Today's Paper Latest stories Obits Traffic Newsletters Weather Puzzles
ADVERTISEMENT
ADVERTISEMENT

ST. LOUIS -- Monsanto said Wednesday that its profit sank 37 percent in the most recent quarter as sales of its seeds and weed-control products fell.

The agriculture products company also said that it is still in discussions with German drug and chemicals company Bayer AG about its $62 billion takeover bid, which Monsanto rejected last month. But the St. Louis company said it is also in discussions with "others" about strategic options.

For the fiscal third quarter, Monsanto reported net income of $717 million, or $1.63 per share. That compares with $1.14 billion, or $2.39 per share, in the same period a year before.

Earnings, adjusted for pretax expenses and nonrecurring costs, were $2.17 per share, falling short of Wall Street expectations. The average estimate of eight analysts surveyed by Zacks Investment Research was for earnings of $2.41 per share.

Revenue fell 8.5 percent to $4.19 billion in the period, which also missed forecasts. Four analysts surveyed by Zacks expected $4.43 billion.

Sales of its corn seed rose 5 percent. Soybean seed sales fell 17 percent, cottonseed sales fell 23 percent and vegetable seed sales fell half a percent. Sales of other crop seeds rose 60 percent. Sales of its weed-control and other agricultural products fell 29 percent.

The company said it expects its full-year adjusted earnings to come in at the lower end of its previously announced forecast between $4.40 and $5.10 per share. Analysts expected earnings of $4.64 per share for the year, according to FactSet.

Shares of Monsanto Co. rose $2.43, or 2.4 percent, to close Wednesday at $103.52. The stock has fallen 2 percent in the last 12 months.

Monsanto Chief Executive Officer Hugh Grant has been in discussions about "alternative strategic options," he said Wednesday.

The disappointing earnings undercut the company's argument that Bayer's proposed bid is less than adequate. Monsanto has been facing aggressive cutting of seed prices by competitors and falling prices for the herbicide glyphosate amid overproduction by Chinese generic producers.

"We remain open and will continue to actively engage in constructive dialogue to pursue value enhancing strategic options," Grant said in the earnings statement. "Our industry is running at a low point in the overall agriculture cycle and we've experienced an unforeseen level of challenges affecting our business in fiscal year 2016."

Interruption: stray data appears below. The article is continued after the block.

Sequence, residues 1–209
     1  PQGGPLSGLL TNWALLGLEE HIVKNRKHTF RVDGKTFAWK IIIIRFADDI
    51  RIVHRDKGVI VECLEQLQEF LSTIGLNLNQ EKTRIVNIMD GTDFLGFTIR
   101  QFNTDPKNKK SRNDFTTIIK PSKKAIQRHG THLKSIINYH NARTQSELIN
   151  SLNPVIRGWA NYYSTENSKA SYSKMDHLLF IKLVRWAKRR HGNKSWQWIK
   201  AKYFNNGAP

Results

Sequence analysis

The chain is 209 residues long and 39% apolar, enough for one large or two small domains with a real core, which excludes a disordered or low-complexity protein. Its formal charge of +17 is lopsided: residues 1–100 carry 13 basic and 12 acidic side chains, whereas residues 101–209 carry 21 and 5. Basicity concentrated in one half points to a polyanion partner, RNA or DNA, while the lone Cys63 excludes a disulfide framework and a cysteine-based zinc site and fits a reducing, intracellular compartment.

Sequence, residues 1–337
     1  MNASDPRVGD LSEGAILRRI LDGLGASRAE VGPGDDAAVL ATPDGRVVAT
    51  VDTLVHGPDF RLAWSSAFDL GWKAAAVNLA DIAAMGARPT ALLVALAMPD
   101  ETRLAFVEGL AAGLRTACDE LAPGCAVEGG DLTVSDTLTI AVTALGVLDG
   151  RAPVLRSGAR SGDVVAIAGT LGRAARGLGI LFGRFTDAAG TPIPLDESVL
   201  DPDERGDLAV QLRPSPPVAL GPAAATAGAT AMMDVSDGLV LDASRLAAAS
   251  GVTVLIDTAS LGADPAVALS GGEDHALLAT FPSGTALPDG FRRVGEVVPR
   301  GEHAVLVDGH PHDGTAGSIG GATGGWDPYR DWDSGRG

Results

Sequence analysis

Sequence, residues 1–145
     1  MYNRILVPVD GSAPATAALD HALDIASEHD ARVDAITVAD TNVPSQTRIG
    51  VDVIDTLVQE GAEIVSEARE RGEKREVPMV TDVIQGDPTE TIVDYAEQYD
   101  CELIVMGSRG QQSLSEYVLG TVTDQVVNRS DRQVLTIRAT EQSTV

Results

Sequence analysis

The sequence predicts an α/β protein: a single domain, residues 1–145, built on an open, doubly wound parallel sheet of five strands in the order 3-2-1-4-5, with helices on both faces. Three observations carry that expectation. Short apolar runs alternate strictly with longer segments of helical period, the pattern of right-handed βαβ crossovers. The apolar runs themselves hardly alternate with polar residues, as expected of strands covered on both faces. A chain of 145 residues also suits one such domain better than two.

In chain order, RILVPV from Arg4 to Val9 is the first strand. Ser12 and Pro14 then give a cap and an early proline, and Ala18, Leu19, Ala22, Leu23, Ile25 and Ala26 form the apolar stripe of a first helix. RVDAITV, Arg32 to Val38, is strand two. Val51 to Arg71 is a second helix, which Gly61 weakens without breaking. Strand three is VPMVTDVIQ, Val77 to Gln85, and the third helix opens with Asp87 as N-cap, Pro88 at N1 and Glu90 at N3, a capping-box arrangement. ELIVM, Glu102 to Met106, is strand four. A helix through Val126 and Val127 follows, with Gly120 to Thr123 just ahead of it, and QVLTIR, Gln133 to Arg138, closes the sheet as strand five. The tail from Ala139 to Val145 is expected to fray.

Bayer made an offer in May to acquire Monsanto for $122 in cash, which the U.S. company rejected as too low. Discussions between Bayer and Monsanto are presently at an impasse, with the German company seeking to do due diligence on Monsanto's books, while Monsanto is holding out for a higher bid first, people familiar with the matter said earlier this month.

In April, Grant said the company no longer saw "large-scale" mergers and acquisitions as a strategy, signaling the end of any lingering ambition to bid for another major crop-chemicals or seeds business.

Bayer's proposed bid adds to the wave of consolidation in the agricultural chemicals sector. Aside from Bayer's bid for Monsanto, China National Chemical Corp. said in February that it reached a deal to buy Syngenta AG, and Dow Chemical Co. and DuPont Co. announced in December they would merge before breaking into three separate entities.

European competition regulators will closely review a potential takeover of Monsanto if a deal were to be consummated, according to a letter released Wednesday.

In a letter to two German members of the European Parliament, Margrethe Vestager, the commissioner in charge of European competition policy, said the European Commission would consider concerns they had raised about the potential effect that a merger between Bayer and Monsanto might have on prices, on the availability of seed products and on research and innovation.

She said competition authorities would carefully examine other deals in the seed and agrochemical sector.

The letter to the German lawmakers, Martin Haeusling and Sven Giegold, was dated June 20 and released publicly Wednesday.

U.S. regulators would also examine any merger of the two companies.

Information for this article was contributed by The Associated Press, by Lydia Mulvany of Bloomberg News and by Chad Bray of The New York Times.

Business on 06/30/2016

Print Headline: Monsanto profit falls 37% in 3Q on slump in agricultural sales

Sponsor Content

Comments

You must be signed in to post comments
ADVERTISEMENT
ADVERTISEMENT
ADVERTISEMENT